Band: The Who
Why Rolling Stone gets it right: The second of The Who's Rock operas, "Quadrophenia" is something of a coming-of-age story, set against the backdrop of the late-1950s London mod/rocker scene. In it, Pete Townsend examines the nature of a split (four ways, in the case of the protagonist) mind in nothing less than an interesting way.
Why Rolling Stone gets it wrong: "Quadrophenia" is nothing if not pompous and far-reaching. The storyline is muddy and the album is wrought with filler.
Best song: "The Real Me" is fun, as is the album ender, "Love, Reign O'er Me." "Drowned" is a wonderful Townsend early rock number (in concert, sometimes Townsend played it acoustic).
Worst song: "I've Had Enough" and "The Punk and the Godfather" aren't great. There are a few other songs ("I Am The Sea," "The Dirty Jobs" and "I Am The Sea" come to mind immediately) that are there to move the plot along/complete the opera. Those songs aren't good, either.
Is it awesome?: It has its highlights, but it's not the band's best album, by any means. It's better than a lot of stuff.
I often talk about "xx-year-old Ross" versus "current Ross" in terms of various things. Not to hop on the couch here, but I was looking over an old blog I wrote towards the end of college and was struck by how different I am from 22-year-old Ross (22YOR). 22YOR was somewhat upbeat, not nearly as cynical and, most striking, incredibly optimistic. 22YOR had dreams (I wanted to be the sports editor for a large daily newspaper), something current Ross has no time for.
So, with the idea of a younger Ross in mind, I'm going to write something now that 16-year-old Ross would recoil in horror: "Quadrophenia" isn't one of the Who's best. It's got highlights, certainly, but to call it bloated is like saying Donald Trump is self-assured. It is anything but a great rock opera.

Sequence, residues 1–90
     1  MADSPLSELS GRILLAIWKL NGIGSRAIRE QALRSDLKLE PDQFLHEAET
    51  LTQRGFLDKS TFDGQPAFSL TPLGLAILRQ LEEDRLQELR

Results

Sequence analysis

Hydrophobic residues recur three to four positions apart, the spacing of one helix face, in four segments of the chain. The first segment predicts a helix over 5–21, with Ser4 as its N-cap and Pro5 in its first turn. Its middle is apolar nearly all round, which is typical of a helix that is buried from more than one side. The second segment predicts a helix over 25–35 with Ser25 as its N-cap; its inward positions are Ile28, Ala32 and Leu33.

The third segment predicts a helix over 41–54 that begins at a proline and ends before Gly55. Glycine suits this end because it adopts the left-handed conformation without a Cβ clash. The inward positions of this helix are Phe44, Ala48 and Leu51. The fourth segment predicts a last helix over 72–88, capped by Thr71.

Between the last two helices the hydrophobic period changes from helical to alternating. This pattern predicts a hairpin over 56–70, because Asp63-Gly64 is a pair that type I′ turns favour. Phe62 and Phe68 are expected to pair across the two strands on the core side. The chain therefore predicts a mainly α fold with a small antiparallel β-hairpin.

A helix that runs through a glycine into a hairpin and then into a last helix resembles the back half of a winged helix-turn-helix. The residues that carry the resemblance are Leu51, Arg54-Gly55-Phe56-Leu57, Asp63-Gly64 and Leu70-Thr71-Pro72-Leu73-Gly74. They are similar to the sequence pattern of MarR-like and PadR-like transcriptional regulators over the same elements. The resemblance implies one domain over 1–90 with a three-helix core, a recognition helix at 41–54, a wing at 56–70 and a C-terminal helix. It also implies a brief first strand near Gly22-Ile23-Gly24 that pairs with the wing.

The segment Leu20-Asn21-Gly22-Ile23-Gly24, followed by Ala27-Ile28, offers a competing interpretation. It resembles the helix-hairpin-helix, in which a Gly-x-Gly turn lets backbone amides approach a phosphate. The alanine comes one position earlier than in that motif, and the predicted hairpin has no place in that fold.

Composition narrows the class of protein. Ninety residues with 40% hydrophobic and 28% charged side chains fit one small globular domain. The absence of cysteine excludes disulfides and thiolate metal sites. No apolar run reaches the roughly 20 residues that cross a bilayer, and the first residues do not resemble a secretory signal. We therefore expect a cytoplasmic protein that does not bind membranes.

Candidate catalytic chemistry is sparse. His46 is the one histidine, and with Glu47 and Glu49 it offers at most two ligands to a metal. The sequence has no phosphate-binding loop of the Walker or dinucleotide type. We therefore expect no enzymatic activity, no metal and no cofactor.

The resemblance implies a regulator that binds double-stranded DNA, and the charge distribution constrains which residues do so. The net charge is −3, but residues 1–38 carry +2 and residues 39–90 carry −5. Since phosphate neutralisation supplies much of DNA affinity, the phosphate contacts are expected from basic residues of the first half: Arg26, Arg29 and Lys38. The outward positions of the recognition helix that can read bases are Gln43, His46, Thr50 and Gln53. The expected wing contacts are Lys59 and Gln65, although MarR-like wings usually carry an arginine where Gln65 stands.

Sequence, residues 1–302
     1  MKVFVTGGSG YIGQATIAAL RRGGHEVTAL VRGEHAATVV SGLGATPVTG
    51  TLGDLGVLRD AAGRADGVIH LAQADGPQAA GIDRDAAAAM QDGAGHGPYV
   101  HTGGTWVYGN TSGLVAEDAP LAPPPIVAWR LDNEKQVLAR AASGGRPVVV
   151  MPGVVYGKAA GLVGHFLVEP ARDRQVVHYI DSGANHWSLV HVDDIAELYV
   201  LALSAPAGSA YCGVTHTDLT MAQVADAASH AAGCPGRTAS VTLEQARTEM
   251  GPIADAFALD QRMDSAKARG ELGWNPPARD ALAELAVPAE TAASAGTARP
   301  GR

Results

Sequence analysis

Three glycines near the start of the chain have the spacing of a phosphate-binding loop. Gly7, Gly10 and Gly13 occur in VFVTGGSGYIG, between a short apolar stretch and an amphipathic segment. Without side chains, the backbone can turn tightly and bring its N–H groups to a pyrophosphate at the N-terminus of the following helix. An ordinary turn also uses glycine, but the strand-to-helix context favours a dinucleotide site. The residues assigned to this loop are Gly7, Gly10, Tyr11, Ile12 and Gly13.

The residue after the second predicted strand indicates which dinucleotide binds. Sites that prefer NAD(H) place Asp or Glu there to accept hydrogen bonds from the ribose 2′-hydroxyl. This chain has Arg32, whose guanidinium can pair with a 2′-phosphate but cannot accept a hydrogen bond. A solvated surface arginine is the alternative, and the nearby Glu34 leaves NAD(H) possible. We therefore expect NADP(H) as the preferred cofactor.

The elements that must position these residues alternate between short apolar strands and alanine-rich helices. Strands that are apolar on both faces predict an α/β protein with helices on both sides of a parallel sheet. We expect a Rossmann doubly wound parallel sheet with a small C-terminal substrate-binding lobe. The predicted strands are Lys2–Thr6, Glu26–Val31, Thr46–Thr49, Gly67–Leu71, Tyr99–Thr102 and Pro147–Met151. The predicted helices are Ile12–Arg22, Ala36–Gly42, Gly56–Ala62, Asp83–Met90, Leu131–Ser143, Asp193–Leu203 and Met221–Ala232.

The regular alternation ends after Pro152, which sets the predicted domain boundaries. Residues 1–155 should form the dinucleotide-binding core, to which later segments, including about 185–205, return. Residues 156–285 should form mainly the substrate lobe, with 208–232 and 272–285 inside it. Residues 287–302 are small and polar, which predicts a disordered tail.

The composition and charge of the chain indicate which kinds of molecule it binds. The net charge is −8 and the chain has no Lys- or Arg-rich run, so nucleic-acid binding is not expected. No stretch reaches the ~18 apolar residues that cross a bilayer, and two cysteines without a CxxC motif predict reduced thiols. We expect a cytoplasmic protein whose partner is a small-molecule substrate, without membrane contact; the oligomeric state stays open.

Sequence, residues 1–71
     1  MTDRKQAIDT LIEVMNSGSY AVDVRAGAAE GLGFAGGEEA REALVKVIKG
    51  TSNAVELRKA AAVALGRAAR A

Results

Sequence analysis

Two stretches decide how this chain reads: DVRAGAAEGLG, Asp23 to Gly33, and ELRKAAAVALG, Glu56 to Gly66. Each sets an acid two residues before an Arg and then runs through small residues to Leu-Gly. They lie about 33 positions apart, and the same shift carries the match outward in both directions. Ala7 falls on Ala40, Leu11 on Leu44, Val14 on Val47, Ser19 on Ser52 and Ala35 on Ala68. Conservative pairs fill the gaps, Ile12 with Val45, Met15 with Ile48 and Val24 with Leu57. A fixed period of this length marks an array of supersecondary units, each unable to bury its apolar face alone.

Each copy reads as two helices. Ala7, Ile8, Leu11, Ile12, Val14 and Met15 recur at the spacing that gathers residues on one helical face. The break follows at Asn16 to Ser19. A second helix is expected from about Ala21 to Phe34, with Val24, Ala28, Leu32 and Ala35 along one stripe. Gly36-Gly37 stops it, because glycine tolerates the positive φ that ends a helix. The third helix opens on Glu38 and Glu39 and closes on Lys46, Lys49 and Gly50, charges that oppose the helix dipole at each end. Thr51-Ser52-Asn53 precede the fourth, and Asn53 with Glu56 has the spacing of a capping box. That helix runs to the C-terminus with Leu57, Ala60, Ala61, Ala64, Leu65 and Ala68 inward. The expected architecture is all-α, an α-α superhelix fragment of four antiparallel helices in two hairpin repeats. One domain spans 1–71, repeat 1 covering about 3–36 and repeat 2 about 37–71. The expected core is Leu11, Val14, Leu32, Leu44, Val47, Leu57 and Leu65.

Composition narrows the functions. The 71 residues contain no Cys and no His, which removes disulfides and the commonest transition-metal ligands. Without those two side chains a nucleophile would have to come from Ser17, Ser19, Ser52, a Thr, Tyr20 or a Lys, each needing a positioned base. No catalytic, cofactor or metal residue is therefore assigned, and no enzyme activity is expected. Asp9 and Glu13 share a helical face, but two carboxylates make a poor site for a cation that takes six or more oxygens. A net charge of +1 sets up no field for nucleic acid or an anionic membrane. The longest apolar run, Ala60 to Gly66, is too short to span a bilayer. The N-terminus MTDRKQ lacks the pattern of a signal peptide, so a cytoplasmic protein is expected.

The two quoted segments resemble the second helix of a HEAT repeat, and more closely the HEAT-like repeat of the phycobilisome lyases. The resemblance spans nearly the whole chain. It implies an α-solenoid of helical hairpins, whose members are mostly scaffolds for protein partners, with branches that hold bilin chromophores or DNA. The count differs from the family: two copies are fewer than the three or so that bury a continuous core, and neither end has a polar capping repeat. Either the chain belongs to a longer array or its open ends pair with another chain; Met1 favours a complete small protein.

I saw the Who play "Quadrophenia" with my mother and my first real girlfriend when I was 15 at United Center on Halloween. I remember it quite fondly, but I'm sure I would find it ludicrous were I to see it now. Billy Idol was involved, as was noted pedophile Gary Glitter.
The plot is tough to follow. In short, Townsend bit off more than he could probably chew in explaining how one could have multiple aspects of a personality (four in protagonist Jimmy's case). Certainly, the idea that rock and roll could save someone from this sort of mental illness ("Quadrophenia" is a play on schizophrenia) is silly, though, it appears to be Townsend's thought:
"I think that our album clarifies who the real hero is in this thing - it's the kid on the front. He's the hero. That's why he's on the front cover. That's why he's sung about. It's his fucking album. Rock 'n' Roll's his music. It's got nothing to do with journalists, and it hasn't really even got anything to do with musicians, either." - Pete Townshend, 1973
On some level, I fancied myself that kid from the cover when I was 16 and listening to this album daily. Rock and roll was that big of a part of my life (it still kind of is), but that sort of tunnel vision is silly.
I mentioned, in writing about "Who's Next," that the Who went on a steady decline from "Tommy" on, and "Quadrophenia" is the second step in that progression. As much as "Who's Next" sounds like a stadium rock record, "Quadrophenia" expands on that sound. Instead of just Moogs and pianos galore, the horn and layered guitars make The Who, ostensibly a punk band, sound like Journey. Not good.
And that brings it back to the point, "Quadrophenia" is too far reaching for this band. It's giant and when a band like The Who experiment like this, it doesnt always hit. "Tommy" did and "Who's Next" sorta did. "Quadrophenia" didn't.